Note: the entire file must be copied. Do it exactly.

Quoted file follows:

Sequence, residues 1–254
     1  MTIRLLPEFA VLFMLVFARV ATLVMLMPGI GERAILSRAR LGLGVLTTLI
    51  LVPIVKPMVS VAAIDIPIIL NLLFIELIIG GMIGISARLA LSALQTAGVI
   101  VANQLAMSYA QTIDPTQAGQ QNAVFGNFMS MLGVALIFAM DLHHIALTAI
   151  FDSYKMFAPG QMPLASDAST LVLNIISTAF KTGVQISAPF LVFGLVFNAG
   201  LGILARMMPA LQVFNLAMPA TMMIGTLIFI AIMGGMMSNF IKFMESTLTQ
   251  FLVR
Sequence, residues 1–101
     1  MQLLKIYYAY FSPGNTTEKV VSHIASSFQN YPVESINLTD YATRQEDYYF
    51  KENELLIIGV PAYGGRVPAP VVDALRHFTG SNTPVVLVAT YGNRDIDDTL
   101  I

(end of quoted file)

Sequence, residues 1–254
     1  MTIRLLPEFA VLFMLVFARV ATLVMLMPGI GERAILSRAR LGLGVLTTLI
    51  LVPIVKPMVS VAAIDIPIIL NLLFIELIIG GMIGISARLA LSALQTAGVI
   101  VANQLAMSYA QTIDPTQAGQ QNAVFGNFMS MLGVALIFAM DLHHIALTAI
   151  FDSYKMFAPG QMPLASDAST LVLNIISTAF KTGVQISAPF LVFGLVFNAG
   201  LGILARMMPA LQVFNLAMPA TMMIGTLIFI AIMGGMMSNF IKFMESTLTQ
   251  FLVR
Sequence, residues 1–101
     1  MQLLKIYYAY FSPGNTTEKV VSHIASSFQN YPVESINLTD YATRQEDYYF
    51  KENELLIIGV PAYGGRVPAP VVDALRHFTG SNTPVVLVAT YGNRDIDDTL
   101  I